Women’s health is Bladder health
Women’s health is more than the pink ribbons that surround breast cancer prevention and treatment. Although devastating with 1 in 8 women affected by breast cancer, pelvic floor disorders affect 1 in 3 women. That is why November, Bladder Health Month is a perfect time to respond to your urge to become better educated about how vital bladder health is. Here are a few key facts not everyone knows about the bladder:
- The bladder can hold up to 500ml of urine;
- We control our bladder by contracting and releasing pelvic muscles to control urine flow;
- Nerves signal that your bladder is full in advance, providing time to locate a restroom;
- The bladder begins to signal that it is full when it is only about ¼ full;
- It is considered normal to empty your bladder 8 times a day.
Bladder Health Month is also a perfect time to have a REAL talk about incontinence.
Some form of incontinence impacts 1 in every 3 women worldwide. In the over-50 age bracket, 1 out of every 2 women – HALF – will struggle with this prevalent health issue that people are often hesitant to discuss. That is why there needs to be a focus on Women’s Health. Since pelvic health disproportionately affects women, issues don’t get heard, seen or talked about unless we bring light to it, so that we can get real solutions.
Real Issues with Poor Bladder Health
One major side effect of incontinence? Silence. Many women choose to purchase and wear daily pads and/or pretend it isn’t a problem. Others will try invasive surgeries or internal e-stim products in a quiet attempt to make the problem go away. Still, others will go through costly, time-consuming and uncomfortable physical therapy sessions. All will have moments of embarrassment, shame, and worry:
“Will my light leaks get worse?”
“Do I smell?”
“ How can I enjoy afternoons at the park or vacations poolside with my family?”
As women, we owe it to ourselves to ensure overactive bladder (OAB), urge incontinence (UUI), and stress incontinence (SUI) are no longer our best-kept secrets. We can learn so much by seeking guidance from medical professionals, but we must be our own best advocates and we need to lean on one another. We turn to each other for advice on parenthood, marriage, careers, cooking, home decorating and more. If we can start having open and honest dialogues about the kinds of leaks or urgency we are experiencing, we will feel less isolated and more hopeful.
With that in mind – we should begin by learning a little more about the various types of incontinence and available treatment options.
- Overactive Bladder (OAB): Age can be a contributing factor in this form of incontinence, more common in women. Women with OAB will experience an urge to urinate that can be difficult to control, leading to leaks and often limiting activity.
- Urge Incontinence (UUI): UUI is a strong and sudden need to urinate that one feels cannot be delayed. Women who suffer from UUI will experience leaks because the bladder muscles are contracting at the wrong time.
- Stress Incontinence (SUI): If a woman experiences even minor leaks when coughing, laughing, running, or sneezing, she has SUI. These movements essentially put pressure on the bladder, causing those embarrassing leaks.
Bladder Health Options: What is a woman to do?
OPTION 1: Nothing. So many women say nothing to friends, family, or physicians, and instead opt for avoiding special occasions, wearing pads and hoping. This is obviously not an ideal choice.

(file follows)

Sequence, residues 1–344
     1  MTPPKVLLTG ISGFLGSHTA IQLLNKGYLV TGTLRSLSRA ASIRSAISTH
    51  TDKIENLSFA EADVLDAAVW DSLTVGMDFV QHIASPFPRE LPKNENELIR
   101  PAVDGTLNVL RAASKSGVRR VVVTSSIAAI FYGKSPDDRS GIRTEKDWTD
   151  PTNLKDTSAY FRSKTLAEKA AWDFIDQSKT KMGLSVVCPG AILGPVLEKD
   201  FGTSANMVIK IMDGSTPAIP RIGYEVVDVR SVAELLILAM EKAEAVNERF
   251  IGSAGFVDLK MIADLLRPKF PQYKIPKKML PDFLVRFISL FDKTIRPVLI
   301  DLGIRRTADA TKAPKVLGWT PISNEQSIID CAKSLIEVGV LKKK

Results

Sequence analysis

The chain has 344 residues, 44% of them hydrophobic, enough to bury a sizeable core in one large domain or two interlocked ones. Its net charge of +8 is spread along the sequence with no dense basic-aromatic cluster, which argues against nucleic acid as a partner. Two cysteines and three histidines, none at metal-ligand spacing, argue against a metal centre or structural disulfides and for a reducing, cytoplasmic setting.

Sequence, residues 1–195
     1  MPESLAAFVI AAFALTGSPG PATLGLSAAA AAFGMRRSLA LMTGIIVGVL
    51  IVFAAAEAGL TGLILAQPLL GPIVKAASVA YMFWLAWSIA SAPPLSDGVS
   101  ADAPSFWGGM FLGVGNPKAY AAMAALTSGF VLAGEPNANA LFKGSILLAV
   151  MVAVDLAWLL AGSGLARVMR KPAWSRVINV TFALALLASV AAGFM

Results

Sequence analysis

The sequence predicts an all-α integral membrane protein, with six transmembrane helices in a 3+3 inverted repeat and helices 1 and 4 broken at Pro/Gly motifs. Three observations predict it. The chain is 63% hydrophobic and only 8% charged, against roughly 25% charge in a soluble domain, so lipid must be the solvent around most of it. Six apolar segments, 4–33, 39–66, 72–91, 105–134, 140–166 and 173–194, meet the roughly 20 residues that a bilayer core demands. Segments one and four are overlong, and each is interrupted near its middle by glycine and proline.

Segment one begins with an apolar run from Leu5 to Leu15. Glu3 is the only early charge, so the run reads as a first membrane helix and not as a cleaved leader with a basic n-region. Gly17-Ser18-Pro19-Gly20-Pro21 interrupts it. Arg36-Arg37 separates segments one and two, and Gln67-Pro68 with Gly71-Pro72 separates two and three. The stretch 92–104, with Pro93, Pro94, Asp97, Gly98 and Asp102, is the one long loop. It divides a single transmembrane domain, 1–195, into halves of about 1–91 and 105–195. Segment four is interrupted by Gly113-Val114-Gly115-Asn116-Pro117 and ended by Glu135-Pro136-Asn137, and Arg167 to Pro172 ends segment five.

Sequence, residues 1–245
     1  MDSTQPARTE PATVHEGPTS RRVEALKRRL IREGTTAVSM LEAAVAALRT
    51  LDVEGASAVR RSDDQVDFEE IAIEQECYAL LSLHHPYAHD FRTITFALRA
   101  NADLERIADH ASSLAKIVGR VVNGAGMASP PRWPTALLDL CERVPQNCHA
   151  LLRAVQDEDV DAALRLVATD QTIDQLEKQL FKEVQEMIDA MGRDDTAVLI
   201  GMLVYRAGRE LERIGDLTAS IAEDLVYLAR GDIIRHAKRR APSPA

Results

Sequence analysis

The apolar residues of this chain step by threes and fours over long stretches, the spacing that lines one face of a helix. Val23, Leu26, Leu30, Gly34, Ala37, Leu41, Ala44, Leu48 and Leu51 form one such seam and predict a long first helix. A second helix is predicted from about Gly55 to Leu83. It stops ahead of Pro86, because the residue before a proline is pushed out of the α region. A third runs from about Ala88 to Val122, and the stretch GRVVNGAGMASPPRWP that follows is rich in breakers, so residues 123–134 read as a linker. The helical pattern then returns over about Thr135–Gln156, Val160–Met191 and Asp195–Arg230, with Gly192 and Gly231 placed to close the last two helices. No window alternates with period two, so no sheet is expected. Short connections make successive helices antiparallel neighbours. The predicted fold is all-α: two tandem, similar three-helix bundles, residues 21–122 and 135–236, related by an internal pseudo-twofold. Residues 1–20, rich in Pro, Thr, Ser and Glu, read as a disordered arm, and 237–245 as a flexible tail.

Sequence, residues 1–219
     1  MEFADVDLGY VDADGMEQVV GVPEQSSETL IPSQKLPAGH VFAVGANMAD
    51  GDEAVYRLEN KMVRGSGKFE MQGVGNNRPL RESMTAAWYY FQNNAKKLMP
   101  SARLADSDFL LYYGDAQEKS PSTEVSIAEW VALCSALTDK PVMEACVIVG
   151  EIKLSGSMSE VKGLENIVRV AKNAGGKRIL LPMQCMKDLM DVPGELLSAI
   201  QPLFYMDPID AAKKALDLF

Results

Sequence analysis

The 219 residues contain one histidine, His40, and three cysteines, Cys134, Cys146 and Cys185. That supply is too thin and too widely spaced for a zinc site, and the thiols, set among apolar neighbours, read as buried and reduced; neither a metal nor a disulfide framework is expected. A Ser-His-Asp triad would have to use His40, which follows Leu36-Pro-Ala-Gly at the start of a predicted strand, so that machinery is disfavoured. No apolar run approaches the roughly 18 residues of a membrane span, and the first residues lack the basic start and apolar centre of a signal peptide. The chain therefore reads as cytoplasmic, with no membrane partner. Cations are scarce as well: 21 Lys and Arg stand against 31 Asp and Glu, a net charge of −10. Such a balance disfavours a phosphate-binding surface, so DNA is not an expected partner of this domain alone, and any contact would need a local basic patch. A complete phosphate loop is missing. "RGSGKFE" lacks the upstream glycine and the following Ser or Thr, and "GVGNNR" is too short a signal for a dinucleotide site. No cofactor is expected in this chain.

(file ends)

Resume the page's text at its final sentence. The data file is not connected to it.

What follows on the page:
OPTION 2: Physical therapy: Pelvic floor physical therapy can be used to relieve the symptoms of pelvic floor dysfunction and help the muscles work the way they should. It can be useful, but can also be difficult to schedule and can be cost-prohibitive depending on individual insurance plans.
OPTION 3: Surgery: A pelvic floor reconstruction is a major surgical procedure designed to restore strength and integrity to the pelvic floor. This is invasive and expensive, and believe it or not – one of the potential side effects of this surgery is incontinence.
OPTION 4: Internal pelvic floor exercisers: Anything women can do to correctly do their Kegel exercises will be effective in strengthening the pelvic floor. But not all women are comfortable utilizing vaginal devices. In fact, some cultures prohibit the use of internal devices.
OPTION 5: External pelvic floor exerciser: Just as with any other muscle group, it’s important to stay fit so the pelvic floor muscles can do their job: support your pelvic organs (bladder, rectum, vagina). When these muscles are stretched from childbirth or weakened from lack of use as you age, they cannot support the bladder effectively. Kegel exercises should be part of every woman’s routine to maintain a healthy pelvic floor. ELITONE is an easy, effective and external option for women who want to stay toned, strengthened and leak-free.
The first external, wearable, over-the-counter incontinence treatment and the ONLY external incontinence TREATMENT that can be used discreetly while going about your daily activities, ELITONE does your Kegel exercises for you, longer and stronger than you can on your own, all while dressed and doing whatever you need to do. And 95% of women who used ELITONE successfully reduced (or eliminated) urinary leaks and pad use!
We often think of November as a time to give thanks; when we enjoy time spent with treasured family and friends. Let’s also use it as a time to open up – to talk to one another – to share our personal experiences and learn from those of others. Bladder health need not be a taboo subject and incontinence need not be a forever struggle.
“Elitone does exactly what it says and more. I went from wearing a pad everyday to not wearing one at all in 7 weeks! I am thrilled and so happy with the results I am speechless. It is worth the investment , easy to use and a life saver.” – Lori